July 4, 2008
There is never any one reason for anything. Just that some things are more significant that others, but often any one, including the chief one, could disappear and the weight of other causes and momentum would continue. There are Japanese internal affairs I don't pretend to understand, but both Japan and Germany had political assassinations leading up to war. For this reason, the period of the 1960's was a concern about the US.
Japan wanted to be the leading power in Asia (Greater East Asia Co Prosperity Sphere was the code name). Just like Germany wanted to be in charge of Europe. My reading of the central reasoning will follow in a moment.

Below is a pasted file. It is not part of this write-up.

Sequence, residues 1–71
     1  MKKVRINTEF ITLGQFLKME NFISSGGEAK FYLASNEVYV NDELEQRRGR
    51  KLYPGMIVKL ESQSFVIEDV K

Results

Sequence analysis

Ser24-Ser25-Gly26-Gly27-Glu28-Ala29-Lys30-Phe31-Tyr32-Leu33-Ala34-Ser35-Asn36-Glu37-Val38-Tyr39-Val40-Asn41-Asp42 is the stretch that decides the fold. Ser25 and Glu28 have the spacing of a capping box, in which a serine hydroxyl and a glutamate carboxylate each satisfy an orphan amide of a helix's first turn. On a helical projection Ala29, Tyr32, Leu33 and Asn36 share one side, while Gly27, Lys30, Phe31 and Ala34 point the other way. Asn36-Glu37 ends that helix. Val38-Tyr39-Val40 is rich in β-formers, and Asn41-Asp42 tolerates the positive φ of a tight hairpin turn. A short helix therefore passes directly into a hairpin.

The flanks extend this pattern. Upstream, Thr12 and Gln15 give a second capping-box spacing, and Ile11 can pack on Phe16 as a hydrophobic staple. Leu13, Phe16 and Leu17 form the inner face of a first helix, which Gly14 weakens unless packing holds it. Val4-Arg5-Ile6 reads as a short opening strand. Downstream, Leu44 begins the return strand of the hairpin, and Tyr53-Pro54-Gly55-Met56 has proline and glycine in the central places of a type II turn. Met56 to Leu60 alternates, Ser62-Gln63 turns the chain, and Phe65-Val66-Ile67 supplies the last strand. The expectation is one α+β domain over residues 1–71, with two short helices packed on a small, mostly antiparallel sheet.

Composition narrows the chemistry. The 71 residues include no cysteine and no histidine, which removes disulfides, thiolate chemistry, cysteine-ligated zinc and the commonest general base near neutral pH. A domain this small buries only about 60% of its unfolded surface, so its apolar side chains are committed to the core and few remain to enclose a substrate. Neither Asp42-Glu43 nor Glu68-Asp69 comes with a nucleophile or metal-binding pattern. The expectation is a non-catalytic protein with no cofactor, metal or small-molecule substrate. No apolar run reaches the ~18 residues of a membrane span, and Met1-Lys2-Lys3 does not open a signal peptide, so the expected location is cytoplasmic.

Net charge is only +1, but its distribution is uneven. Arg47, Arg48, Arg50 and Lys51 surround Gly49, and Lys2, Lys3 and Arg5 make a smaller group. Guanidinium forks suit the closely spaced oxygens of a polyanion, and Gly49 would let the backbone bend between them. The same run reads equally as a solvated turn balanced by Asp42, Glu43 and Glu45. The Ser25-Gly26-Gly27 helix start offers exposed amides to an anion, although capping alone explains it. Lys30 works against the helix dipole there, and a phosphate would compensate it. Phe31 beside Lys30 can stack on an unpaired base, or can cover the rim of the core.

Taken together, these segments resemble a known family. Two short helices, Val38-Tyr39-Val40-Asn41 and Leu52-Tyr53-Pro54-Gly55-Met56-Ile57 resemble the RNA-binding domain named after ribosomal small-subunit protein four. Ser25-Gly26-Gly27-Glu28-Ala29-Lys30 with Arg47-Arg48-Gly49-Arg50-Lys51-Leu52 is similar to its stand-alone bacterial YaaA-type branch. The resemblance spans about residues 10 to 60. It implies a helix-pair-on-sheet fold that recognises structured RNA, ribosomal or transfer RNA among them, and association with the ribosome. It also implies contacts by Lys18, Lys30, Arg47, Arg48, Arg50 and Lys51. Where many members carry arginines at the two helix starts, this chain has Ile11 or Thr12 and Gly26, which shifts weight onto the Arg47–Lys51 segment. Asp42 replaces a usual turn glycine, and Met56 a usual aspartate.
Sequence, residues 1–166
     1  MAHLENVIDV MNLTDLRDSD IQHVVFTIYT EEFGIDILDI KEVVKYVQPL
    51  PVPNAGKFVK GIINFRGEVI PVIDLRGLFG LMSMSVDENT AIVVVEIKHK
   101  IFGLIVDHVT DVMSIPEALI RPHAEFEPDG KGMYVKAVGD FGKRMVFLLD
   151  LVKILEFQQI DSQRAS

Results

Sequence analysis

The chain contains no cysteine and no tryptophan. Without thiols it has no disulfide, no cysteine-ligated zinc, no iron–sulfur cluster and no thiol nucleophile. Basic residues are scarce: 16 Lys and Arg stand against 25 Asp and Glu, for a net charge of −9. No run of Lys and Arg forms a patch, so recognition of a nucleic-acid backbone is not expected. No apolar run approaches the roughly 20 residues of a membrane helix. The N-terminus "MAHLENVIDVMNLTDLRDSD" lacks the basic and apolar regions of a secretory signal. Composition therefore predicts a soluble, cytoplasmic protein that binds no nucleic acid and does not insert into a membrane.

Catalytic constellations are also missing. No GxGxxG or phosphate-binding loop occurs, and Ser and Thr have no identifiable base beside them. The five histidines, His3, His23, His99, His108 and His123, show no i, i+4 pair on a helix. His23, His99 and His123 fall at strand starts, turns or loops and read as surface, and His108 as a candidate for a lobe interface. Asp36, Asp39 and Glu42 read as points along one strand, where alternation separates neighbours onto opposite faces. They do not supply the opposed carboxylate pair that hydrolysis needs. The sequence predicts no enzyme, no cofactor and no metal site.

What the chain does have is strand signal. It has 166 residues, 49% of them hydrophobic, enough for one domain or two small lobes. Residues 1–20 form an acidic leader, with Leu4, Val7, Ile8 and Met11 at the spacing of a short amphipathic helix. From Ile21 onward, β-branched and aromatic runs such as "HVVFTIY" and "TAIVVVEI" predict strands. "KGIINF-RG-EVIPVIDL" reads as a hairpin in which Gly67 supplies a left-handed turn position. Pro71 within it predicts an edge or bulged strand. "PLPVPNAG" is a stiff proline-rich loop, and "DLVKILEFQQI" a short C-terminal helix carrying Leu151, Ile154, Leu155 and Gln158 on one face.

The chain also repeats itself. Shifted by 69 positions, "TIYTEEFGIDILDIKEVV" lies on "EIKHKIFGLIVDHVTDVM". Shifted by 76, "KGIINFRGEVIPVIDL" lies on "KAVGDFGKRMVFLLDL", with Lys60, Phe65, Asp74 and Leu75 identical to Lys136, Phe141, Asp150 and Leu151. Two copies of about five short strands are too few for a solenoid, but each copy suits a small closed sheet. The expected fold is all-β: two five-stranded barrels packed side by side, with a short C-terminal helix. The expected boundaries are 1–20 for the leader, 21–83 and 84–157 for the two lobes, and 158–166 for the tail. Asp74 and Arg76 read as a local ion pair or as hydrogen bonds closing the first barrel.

I spent a year in Europe in the 60's, arriving with two questions and found my answers. Why did German twice in a lifetime try to take over Europe? and, How were they almost able to do it? Germany was the most advance country in Europe on many fronts, plus organized and disciplined. A weekend would find the French enjoying themselves on the streets, the Belge and Hollanders would be cleaning the streets, but the Germans would be building things. They tried to take all of Europe including Euro-Russia because they were able. (That former colony across the Atlantic saved Europe at least one of the two times, maybe both times.) Why did they try to rule Europe? Just because they were the most capably able to do so ! From my military history interests, I note that the war was fought honorably while they were winning. When we stuck our nose in, then various atrocities came about. Skipping the obvious Final Solution, lets use the example of submarine warfare. A German U-boat sank a ship and while giving aid (typically water and directions to the nearest land), they found massive number of survivors, Italian POWs. They sent out a clear language call for international aid. The members of the wolf pack were the first to respond. A USAF bomber attacked the rescue flotilla. Orders from Germany, no more aid to shipping.